Bill McKibben: From NIMBY to NOOPA

November 15, 2011

Bill Mckibben in Grist – writing on the Keystone decision.

Everyone from Tim DeChristopher speaking from jail to Robert Redford speaking from YouTubemade it clear that this is a more united opposition than the oil companies are used to dealing with. An opposition that takes strength from small victories, and which should be starting to worry the fossil-fuel industry just a little bit.

So I think we need a new name. Faced with projects like tar-sands oil which carry the possibility of deeply damaging the earth’s support systems, we should take to calling ourselves NOOPs: Not On Our Planet.

And if I weren’t a Methodist Sunday School teacher, I fear I’d be tempted to add an A to the end. If you’re an oil company executive willing to keep altering the chemical composition of the earth’s atmosphere, or a coal baron who thinks it’s okay to remove mountaintops, or a gas tycoon eager to pollute both water and air in search of some fracked riches — NOOPA! Find yourself a spaceship.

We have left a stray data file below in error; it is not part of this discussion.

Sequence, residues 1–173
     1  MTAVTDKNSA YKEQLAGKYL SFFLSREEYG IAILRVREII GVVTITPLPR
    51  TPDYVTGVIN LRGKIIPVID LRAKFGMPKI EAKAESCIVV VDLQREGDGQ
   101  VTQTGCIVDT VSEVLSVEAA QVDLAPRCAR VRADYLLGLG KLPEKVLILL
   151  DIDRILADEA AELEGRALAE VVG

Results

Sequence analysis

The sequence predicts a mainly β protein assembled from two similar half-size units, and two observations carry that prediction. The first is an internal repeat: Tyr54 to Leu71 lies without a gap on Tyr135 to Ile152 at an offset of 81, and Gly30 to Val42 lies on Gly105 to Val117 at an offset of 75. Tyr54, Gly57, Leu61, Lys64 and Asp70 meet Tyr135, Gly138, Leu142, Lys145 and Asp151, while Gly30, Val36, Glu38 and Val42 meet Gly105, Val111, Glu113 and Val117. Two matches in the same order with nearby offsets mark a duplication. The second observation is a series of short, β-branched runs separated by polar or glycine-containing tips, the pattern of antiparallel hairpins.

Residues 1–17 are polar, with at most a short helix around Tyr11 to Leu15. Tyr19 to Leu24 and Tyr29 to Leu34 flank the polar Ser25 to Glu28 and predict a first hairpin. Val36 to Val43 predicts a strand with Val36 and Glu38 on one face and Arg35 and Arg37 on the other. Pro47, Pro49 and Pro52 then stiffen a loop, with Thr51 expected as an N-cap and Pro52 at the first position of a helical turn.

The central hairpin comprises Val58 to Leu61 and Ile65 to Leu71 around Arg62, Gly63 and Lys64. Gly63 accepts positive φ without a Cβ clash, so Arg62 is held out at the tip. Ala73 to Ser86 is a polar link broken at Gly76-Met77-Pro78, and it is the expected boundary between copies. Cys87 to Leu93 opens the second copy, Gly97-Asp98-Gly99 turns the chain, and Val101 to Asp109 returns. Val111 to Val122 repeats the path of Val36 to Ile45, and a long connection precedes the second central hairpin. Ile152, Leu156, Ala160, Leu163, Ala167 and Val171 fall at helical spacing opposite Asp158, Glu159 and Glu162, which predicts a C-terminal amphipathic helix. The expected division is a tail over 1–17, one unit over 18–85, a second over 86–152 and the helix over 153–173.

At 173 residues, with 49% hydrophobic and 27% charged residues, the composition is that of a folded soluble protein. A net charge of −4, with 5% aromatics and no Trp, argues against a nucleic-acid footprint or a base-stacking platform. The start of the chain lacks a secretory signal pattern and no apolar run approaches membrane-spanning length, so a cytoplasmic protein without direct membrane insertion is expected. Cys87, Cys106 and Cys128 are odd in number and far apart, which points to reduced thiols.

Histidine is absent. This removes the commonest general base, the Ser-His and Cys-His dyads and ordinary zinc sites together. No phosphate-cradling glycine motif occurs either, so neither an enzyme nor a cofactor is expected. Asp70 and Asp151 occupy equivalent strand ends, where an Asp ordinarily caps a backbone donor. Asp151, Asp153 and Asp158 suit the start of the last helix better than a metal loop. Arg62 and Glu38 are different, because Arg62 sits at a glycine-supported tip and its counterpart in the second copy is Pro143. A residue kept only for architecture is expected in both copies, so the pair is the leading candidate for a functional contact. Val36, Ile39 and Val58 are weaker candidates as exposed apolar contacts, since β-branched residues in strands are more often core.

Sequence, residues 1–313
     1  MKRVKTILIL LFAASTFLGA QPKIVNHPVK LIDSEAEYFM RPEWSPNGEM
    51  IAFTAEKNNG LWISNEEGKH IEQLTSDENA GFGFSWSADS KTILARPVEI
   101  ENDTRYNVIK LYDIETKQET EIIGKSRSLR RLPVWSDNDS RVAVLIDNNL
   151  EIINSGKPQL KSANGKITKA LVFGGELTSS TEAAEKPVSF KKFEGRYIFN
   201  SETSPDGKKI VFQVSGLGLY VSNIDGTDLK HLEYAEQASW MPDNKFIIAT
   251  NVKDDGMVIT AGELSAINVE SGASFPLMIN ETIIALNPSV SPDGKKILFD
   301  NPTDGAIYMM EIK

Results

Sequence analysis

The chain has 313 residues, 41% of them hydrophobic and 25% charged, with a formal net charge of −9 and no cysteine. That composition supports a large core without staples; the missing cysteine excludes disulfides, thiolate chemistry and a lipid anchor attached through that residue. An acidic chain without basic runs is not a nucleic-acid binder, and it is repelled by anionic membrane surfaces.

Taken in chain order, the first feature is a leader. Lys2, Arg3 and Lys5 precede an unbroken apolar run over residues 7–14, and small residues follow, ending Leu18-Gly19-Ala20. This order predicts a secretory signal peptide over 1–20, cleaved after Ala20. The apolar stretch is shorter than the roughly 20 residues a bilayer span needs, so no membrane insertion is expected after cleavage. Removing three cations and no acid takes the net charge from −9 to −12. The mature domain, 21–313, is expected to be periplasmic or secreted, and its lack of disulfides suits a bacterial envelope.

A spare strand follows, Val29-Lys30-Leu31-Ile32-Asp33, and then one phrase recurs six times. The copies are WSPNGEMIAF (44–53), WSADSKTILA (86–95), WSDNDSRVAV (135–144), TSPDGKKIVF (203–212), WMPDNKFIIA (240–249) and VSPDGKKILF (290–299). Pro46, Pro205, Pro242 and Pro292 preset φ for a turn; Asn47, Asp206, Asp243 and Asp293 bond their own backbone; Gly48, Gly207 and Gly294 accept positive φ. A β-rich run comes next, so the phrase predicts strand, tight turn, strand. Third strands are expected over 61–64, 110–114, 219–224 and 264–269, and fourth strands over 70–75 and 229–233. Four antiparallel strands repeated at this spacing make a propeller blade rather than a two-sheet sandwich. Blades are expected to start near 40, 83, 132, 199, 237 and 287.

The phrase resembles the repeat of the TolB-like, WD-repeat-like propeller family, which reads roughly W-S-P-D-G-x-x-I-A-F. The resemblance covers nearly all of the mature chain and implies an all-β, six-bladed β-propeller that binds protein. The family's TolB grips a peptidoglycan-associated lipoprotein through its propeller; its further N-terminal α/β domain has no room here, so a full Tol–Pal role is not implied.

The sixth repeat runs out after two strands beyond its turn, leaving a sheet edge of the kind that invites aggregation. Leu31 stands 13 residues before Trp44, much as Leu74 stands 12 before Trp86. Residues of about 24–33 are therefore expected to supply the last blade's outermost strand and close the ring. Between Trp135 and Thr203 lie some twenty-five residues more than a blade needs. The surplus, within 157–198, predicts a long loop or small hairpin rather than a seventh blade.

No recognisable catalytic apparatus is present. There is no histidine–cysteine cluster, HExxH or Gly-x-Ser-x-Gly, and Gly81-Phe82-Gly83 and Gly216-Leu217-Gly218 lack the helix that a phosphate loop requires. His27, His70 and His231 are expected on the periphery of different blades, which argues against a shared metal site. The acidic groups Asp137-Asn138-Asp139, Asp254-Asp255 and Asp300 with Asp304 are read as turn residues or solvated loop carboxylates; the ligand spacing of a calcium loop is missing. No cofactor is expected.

There is no Planet B.

25 Responses to “Bill McKibben: From NIMBY to NOOPA”

  1. The “A” must he McKibben’s signature, as even the NYT and the WaPo have realized stopping Keystone XL will do nothing at all, apart from moving oil to China very conveniently both for China (more oil) and Canada (slightly higher prices) .

    If is the defender of the planet, I pity the planet.

    • Martin_Lack Says:

      Anyone who can say “stopping the Keystone XL Pipeline will do nothing” (and I have read all those Fox News style reports and write-ups) shows a truly alarming inability to think laterally. Unfortunately, I fear that such one-dimensional, growth-fixated, thinking spells doom for us all.

      10,000 species in danger of extinction already, 1 in 5 plant species in the UK under threat, DNA and seed banks established in order to preserve vital information (in the hope of less anthropocentric in the future)… The Earth’s six major extinction event is already underway although, uniquely, this time it is being caused by a single species. This is not liberal misanthropic sentiment it is an old-fashioned undeniable fact. Therefore, the demonstrable ability of some to ignore it (or deny it) is truly astonishing.

    • Robert McClelland Says:

      People who say the tarsands oil will simply flow to China are ill informed. The Northern Gateway pipeline project required to ship the oil to the west coast is already facing heavy opposition and there’s a decent chance it too will never get built. The 40 public environmental hearings scheduled for next January have a record 4,000 people and groups registered to speak.